Hearing impairment is a disability affecting about 1 in 10 North Americans. Hearing impairment results from a structural abnormality (such as a hole in the eardrum) that may or may not produce a functional disability (such as diminished hearing).
Hearing loss can be conductive (due to faulty transmission of sound waves) or sensorineural (faulty sound reception by nerve cells), or both. Common causes of conductive hearing loss are wax blocking the ear, a perforated eardrum, or fluid in the ears. Common reasons for sensorineural deafness are noise exposure, age-related changes, and ototoxic drugs (that damage hearing). Hearing loss can be:
The causes of hearing loss may be congenital (present at birth) - genetic, use of ototoxic drugs during pregnancy, prenatal rubella in expectant mothers, infections during pregnancy, perinatal anoxia (fetal oxygen lack), or Rh blood disease. Or, the cause may be acquired hearing loss - noise exposure, presbycusis, infections that affect the middle ear and inner ear such as mumps, measles and influenza, middle ear infections, ototoxicity (drugs that harm the inner ear), head injuries, benign tumors of the hearing nerve (acoustic neuroma), and cancer (rare).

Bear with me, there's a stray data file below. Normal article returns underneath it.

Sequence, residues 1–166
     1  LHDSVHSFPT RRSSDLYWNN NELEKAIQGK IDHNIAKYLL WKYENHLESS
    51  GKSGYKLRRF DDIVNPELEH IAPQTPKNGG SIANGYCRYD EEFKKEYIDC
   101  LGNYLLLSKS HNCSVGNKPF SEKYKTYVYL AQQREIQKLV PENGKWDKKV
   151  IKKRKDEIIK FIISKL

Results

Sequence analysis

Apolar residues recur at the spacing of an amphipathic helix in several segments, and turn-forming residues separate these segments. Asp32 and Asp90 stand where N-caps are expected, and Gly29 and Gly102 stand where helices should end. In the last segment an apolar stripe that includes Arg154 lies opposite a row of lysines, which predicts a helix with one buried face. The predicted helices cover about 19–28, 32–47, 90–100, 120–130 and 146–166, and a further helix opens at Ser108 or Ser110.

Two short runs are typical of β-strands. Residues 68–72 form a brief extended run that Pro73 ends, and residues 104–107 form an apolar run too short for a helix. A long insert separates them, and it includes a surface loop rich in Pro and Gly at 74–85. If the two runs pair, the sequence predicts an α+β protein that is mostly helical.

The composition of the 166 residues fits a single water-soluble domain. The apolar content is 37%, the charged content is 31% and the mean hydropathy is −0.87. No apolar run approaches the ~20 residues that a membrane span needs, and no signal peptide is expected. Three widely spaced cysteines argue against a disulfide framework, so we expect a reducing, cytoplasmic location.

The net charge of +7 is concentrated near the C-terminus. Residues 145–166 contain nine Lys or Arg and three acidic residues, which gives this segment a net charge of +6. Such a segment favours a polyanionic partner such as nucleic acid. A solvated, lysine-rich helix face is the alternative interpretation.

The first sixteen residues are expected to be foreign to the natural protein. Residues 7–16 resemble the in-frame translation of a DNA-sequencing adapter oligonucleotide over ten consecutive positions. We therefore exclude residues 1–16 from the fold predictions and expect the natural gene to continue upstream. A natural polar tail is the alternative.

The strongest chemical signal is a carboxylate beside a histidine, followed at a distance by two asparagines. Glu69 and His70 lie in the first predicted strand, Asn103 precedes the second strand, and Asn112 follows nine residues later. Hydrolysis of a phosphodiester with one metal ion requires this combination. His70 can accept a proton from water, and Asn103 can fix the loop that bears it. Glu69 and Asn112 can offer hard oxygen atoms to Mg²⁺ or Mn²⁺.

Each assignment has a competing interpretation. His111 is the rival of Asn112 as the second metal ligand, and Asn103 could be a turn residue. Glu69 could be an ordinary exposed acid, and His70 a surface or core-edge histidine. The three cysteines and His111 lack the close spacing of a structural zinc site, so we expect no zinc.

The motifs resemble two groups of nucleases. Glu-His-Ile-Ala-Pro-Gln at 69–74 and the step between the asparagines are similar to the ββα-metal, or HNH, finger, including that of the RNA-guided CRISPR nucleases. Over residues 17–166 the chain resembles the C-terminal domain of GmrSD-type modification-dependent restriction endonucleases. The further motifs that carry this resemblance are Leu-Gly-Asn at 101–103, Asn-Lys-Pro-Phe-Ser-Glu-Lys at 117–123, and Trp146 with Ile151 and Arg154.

Appropriately chosen, properly fitted, and regularly checked, hearing aids can greatly improve the quality of life for hearing-impaired persons. They are prescribed according to the type and severity of hearing loss, how well someone can manipulate the aid, and the condition of the ear canal. They work by amplifying sound and are most effective in quiet areas - as for one to one conversations and small group interaction. Some devices for the hard of hearing are designed for a particular situation. For example, for watching TV a specific amplifier improves the sound signal and mutes background noise. Most hearing aids currently sold are behind the ear (BTE), in the ear (ITE), or in the ear canal (ITC).
Is there significant hearing loss? Is the loss conductive or sensorineural? What is the degree of loss - mild, moderate, or severe? What is causing the loss? Is a hearing aid needed? What kind of hearing aid do you recommend? What degree of improvement in hearing can be expected? What will a hearing aid cost?